W3C defines local Web storage API

The World Wide Web Consortium is moving closer to a local Web storage application programming interface, which will make HTML5 Web-based applications much more powerful.
Written by Steven Vaughan-Nichols, Senior Contributing Editor

HTML5 has reopened the debate about whether Web applications can compete with native applications. Now, with the latest World Wide Web Consortium (W3C)'s Web Application Working Group Web Storage Recommendation HTML5 developers have another powerful tool for creating Web-based programs.

The W3C believes that HTML5 and Web Storage can change how you use your computer. (Credit: W3C)

Web Storage, or Document Object Model (DOM) Storage, enables developers to create HTML5 applications that can rely on persistent client-side data storage. In other words, applications and their users can keep megabytes of data on the user's computer. This storage can be used for documents, spreadsheets, e-mail, and other user materials.

The data is stored in key/value pairs. Once on your machine, this data can only be accessed by the Web application or site that originated it.

That said, as Google's Ian Hickson, the recommendation's editor, points out, "Different authors sharing one host name, for example users hosting content on geocities.com, all share one local storage object. There is no feature to restrict the access by pathname. Authors on shared hosts are therefore recommended to avoid using these features, as it would be trivial for other authors to read the data and overwrite it." Therefore HTML5 programmers using Web storage would be wise to add their own security methods to avoid data corruption or destruction.

You won't be able to use the Web storage API for large documents or data sets. The W3C document recommends that each Web site or service limit the Web Storage data to 5MBs.

The actual amount of local Web Storage on your device varies from Web browser to Web browser and even from version to version. That's still enough to make HTML5 applications much more useful.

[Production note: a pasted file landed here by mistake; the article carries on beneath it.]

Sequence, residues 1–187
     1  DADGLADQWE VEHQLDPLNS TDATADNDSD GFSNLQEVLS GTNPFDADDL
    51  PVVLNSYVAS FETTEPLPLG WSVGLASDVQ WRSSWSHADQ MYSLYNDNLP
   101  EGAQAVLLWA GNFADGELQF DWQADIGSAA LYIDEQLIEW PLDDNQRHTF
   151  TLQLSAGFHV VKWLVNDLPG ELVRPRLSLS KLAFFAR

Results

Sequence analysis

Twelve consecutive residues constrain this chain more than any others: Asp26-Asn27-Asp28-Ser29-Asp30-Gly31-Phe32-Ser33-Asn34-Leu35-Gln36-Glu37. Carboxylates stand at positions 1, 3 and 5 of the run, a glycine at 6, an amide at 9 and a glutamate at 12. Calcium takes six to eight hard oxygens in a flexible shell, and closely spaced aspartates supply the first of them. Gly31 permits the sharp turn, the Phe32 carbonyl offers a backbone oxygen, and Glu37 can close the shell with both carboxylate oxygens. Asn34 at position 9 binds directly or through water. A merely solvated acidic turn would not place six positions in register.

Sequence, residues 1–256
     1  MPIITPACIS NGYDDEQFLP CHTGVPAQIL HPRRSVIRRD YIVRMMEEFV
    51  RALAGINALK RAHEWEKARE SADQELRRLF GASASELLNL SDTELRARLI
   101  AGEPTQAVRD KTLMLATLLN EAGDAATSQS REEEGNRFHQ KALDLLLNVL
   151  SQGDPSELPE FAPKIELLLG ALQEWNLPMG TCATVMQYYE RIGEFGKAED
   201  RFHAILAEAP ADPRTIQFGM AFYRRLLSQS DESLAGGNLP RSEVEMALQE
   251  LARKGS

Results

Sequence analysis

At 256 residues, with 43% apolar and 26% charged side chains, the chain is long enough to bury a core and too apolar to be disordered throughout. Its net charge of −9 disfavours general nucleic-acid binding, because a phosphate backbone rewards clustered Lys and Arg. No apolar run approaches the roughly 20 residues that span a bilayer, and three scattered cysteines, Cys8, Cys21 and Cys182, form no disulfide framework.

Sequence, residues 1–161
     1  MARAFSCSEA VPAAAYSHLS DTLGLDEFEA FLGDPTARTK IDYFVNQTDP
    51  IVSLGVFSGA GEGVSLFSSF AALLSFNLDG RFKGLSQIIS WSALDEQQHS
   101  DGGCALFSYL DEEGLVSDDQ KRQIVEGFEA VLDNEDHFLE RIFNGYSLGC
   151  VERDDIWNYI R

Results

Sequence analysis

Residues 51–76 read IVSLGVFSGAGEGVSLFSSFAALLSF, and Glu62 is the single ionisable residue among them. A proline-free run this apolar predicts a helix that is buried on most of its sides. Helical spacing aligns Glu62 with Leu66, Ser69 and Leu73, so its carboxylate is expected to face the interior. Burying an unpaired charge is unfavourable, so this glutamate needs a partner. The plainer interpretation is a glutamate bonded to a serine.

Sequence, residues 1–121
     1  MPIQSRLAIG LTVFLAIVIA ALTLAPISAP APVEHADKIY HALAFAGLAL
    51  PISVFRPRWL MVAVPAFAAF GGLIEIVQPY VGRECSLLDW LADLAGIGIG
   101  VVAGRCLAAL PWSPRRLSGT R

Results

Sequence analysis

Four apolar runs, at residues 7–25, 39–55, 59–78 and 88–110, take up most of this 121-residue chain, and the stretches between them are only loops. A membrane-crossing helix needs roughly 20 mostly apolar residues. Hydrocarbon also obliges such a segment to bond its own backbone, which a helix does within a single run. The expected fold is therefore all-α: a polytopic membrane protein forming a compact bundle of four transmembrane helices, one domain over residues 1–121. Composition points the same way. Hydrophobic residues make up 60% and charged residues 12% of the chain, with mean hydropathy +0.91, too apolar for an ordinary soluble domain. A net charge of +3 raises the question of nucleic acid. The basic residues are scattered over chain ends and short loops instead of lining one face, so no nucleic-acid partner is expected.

In part that's because, unlike some W3C standards, Web Storage has long been supported by Web browser vendors. All of the recent versions of the major Web browsers—Chrome, Firefox, Internet Explorer, Opera, and Safari—already support Web Storage.

Specifically, what this new recommendation brings to the table is two refined and related mechanisms which are similar to HTTP session cookies. They are the sessionStorage attribute and the localStorage attribute.

The sessionStorage attribute is used to add data to a specific Web-page's session storage. Once the page is closed this data is discarded. The second storage mechanism, localStorage is designed for storage that spans multiple windows, and lasts beyond the current session. This would be used by such Web applications as word-processors and spreadsheets.

While HTML5 programmers will find Web Storage quite useful to improve performance, and perhaps enable some functionality when the application isn't connected to the Internet, it still needs work. Hickson specifically mentioned "The use of the storage mutex to avoid race conditions is currently considered by certain implementers to be too high a performance burden, to the point where allowing data corruption is considered preferable." He and the rest of the Web Storage standards crew are looking for "alternatives that do not require a user-agent-wide per-origin script lock." There are also several security concerns which a developer should be aware of before starting to use Web Storage in his or her application.

Related Stories:

Editorial standards